On his 1968 Elektra debut, Noonan comes off like a chilly Apollonian antidote to Tim Buckley’s gathering Dionysian storms. Both singers have precise tenor voices they apply to ambitious folk-influenced art songs and a sort of sadly regal air, though Buckley had significantly greater control over the recording process when he was at Elektra, and generated more of a funk. On “Back Alley Dream Street Song,” you can almost hear producer Paul Rothchild (who took his name off the finished work) goading the artist into a Buckley impression, but maybe this was just the local folk-rock style for Orange County kids in the late sixties. Noonan was a high school pal and songwriting partner of Jackson Browne, then in his Nico-backing phase. The album features several solo Browne compositions alongside Noonan’s collaborations with Greg Copeland, including his minor hit for the Nitty Gritty Dirt Band, “Buy For Me The Rain.” Though a slight effort, there are some very pretty moments.
Though best known for writing the Association’s infectious smash “Windy,” on these home demos Friedman is revealed not as a pop songwriter, but as a jazzy, abstract seeker of answers, love and vision. With her sad, husky voice and often convoluted imagery of nature and the human zoo, these rediscovered tracks evoke a tough yet sensitive hippie lady struggling to define herself, survive and occasionally triumph. The original demo of “Windy” swings nicely, “To Treat A Friend” haunts and “Southern Comfortable” is an intriguing period piece exploring American racism on the coasts and elsewhere. Don’t tune out before the closing tune, the fully orchestrated Tandyn Almer composition “Little Girl Lost & Found,” a psychedelic swirl of children’s book characters gone marvelously mad. The glossy booklet includes Friedman’s memories of each song and some evocative vintage snapshots.
I’ve heard and read Dalton’s name many times, typically described as an iconoclastic, influential and self-destructive folkie. I wasn’t prepared for the raw pain and power of her voice, something between an ancient black woman and the raunchy confidence of a street corner tough. On this 1971 album, midwived by bassist/producer Harvey Brooks at Bearsville, for the first and only time Dalton got the benefit of a sympathetic and suitably pushy collaborator who drew out her strengths as an interpreter and crafted big, sexy arrangements to cradle her big, sexy and terrible vulnerable voice. The stylistically diverse set veers from blues to folk to honky tonk country. It includes strong covers of two too-familiar songs (‘When A Man Loves A Woman,” “How Sweet It Is”), but if they weren’t already standards, Dalton’s gut-wrenching interpretations might have made them so. Kicking off with a beautiful take on Dino Valenti’s “Something On Your Mind,” with its late Velvet Underground arrangement and the hushed, cracked yearning of her voice, the album also soars on “Katie Cruel,” a traditional tale of an unwanted stranger utterly inhabited by the singer. Generous notes from Lenny Kaye, Nick Cave and Devendra Banhart further laud Dalton, and place her in context as a continual deep underground influence on several generations of interesting artists. Hers is a voice that won’t please everyone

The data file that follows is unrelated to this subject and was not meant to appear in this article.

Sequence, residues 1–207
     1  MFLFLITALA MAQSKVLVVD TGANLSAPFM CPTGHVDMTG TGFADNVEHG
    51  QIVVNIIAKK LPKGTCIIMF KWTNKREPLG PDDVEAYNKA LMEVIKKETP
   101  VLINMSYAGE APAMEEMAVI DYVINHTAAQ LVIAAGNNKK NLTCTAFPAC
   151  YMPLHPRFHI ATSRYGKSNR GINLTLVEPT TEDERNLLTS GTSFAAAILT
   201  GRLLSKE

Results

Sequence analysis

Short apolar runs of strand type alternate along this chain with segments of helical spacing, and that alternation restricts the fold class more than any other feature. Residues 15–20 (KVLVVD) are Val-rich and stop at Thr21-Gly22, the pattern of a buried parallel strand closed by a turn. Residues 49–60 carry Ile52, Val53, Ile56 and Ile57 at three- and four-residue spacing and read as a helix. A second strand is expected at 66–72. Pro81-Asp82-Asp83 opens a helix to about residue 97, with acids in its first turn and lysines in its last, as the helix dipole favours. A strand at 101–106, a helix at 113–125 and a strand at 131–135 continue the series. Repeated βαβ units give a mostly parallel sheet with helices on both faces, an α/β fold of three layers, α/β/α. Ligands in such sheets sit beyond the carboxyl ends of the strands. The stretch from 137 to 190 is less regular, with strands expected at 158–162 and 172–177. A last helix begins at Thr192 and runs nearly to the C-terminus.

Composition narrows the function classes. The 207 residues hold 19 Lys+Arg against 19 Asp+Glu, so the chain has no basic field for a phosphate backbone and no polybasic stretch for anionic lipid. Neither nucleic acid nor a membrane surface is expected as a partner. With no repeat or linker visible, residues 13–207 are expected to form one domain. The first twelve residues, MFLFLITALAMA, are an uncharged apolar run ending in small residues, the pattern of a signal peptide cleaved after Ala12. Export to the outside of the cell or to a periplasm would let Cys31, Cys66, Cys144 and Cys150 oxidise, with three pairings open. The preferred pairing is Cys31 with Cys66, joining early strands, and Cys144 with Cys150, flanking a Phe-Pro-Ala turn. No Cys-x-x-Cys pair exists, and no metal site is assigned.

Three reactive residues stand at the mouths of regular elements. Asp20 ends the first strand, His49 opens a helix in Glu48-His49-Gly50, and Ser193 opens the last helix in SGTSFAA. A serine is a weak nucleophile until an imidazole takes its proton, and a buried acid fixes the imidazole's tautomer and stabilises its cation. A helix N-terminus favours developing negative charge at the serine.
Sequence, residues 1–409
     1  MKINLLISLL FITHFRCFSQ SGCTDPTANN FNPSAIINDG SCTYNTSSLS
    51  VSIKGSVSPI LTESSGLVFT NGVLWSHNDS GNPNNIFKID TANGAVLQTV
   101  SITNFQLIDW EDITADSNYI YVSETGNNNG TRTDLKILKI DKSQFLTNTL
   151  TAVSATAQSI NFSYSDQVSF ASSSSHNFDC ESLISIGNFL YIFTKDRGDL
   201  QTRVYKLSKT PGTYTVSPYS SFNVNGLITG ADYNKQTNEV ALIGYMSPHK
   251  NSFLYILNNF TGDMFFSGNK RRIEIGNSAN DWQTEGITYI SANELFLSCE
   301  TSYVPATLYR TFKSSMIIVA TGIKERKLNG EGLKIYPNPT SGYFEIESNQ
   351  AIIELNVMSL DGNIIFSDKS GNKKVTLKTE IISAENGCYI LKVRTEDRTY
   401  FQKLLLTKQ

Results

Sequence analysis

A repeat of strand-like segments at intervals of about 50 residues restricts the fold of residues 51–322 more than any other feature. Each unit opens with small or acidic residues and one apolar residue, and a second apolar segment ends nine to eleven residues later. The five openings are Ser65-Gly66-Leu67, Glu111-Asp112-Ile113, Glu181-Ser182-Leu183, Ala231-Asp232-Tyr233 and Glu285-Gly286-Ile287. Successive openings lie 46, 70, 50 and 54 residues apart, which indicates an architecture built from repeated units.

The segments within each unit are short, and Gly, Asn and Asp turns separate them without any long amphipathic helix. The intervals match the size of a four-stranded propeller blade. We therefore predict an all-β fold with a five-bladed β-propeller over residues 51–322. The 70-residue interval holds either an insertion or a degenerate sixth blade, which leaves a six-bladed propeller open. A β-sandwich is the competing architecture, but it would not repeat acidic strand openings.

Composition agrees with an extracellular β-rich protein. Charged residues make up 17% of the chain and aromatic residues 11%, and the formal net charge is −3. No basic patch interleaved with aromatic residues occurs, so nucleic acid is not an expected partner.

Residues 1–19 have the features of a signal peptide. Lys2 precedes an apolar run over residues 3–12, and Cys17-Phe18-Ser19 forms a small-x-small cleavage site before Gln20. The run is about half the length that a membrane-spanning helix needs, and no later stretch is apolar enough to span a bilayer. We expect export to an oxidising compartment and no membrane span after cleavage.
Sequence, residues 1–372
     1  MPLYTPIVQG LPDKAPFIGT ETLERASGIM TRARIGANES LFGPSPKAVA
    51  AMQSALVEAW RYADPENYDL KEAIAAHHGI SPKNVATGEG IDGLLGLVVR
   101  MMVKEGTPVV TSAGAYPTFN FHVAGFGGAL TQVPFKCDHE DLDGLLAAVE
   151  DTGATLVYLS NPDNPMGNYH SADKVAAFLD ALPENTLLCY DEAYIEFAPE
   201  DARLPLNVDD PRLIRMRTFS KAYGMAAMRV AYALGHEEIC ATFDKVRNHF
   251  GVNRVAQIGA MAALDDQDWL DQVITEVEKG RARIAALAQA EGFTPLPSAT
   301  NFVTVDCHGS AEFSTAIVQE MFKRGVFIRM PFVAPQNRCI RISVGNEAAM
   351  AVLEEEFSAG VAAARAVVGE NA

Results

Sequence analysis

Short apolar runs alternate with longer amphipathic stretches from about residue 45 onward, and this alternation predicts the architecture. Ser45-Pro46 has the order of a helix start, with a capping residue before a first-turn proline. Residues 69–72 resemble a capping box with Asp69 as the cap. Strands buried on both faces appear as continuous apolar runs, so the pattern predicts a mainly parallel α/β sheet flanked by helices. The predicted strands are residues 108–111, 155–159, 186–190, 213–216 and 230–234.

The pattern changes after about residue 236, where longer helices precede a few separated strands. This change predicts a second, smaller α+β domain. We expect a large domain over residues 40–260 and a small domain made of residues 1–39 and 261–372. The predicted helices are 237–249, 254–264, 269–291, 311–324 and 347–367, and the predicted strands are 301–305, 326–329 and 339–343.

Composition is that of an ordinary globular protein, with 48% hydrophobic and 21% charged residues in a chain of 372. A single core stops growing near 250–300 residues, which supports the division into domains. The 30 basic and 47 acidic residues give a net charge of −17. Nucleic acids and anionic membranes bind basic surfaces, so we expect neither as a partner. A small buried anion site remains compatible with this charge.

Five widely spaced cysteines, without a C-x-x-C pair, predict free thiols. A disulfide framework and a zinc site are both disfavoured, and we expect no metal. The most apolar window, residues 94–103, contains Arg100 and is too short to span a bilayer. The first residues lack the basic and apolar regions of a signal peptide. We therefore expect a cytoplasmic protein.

The Welsh never neglected their homegrown Dylan, but the English-speaking pop world only recently discovered this powerful artist via Rhino Handmade’s reissue of “Outlander” (1970/2003). The 19 tracks on this comp span 1965-70, commencing with an early English-language 45 in a gentle, slightly primitive troubadour vein, then delving deep into Stevens’ more personal and intense recordings in his native tongue. I have only the vaguest notion what he’s singing about on tracks like “Yr Eryr a’r Golomen” and “Glaw yn y Dail,” but anyone conversant with the electric folk idiom will be in comfortable territory as these intensely emotional, sometimes psychedelic tunes unfold. The Welsh language has a nostalgic, eerie quality that makes Stevens’ unique work appealing despite the language barrier. Stay with it till the last few tracks, the seldom-heard and hard rocking Welsh recordings from the “Outlander” sessions. This set includes notes on each of the EPs, vintage sleeve art and a handwritten note from the artist.
Ten years before recording this 1969 orchestral pop disc in Toronto, east coast folkie Dobson wrote “Morning Dew” in a fit of nuclear angst, then watched as half the singers on the scene made it their own. She revisits her standard here, alongside several similarly moody originals and covers of “Get Together,” “Everybody’s Talkin'” and lesser-known offerings like arranger Ben McPeek’s Indian-tinged “Bird in Space.” Dobson has a seductive, jazzy quality that works best on the more subdued tunes like the sweet, Francophone “Pendant Que,” but which gets lost in shrillness whenever the strings get too hyperactive. A pleasant offering, if over-produced and less personal than a songwriter’s self-titled album should have been.
Rodier was a Montréal-based, Anglophone singer-songwriter whose twee yet slightly sinister style pulls the listener down into a rabbit hole of unexpected pop arrangements, into one of the most bipolar albums every made. This fragmented format is definitely not for everyone, but both styles are so well realized that it’s well worth the risk. Starting off hushed and whispery, the 1972 LP soon turns tough and anxious with the choir-backed anthem of betrayal “Am I Supposed to Let It By Again?” before slipping back into seductive intimacy in adoration of (shades of Jeff Mangum) Jesus Christ, and the heavy guitars and anguished, giddy shrieks of “While My Castle’s Burning.” Five strong bonus tracks flesh out Rodier’s versatility, which includes bubblegummy sunshine pop and sweetly spooky pop tunes in French. A very striking rediscovery, really excellent stuff.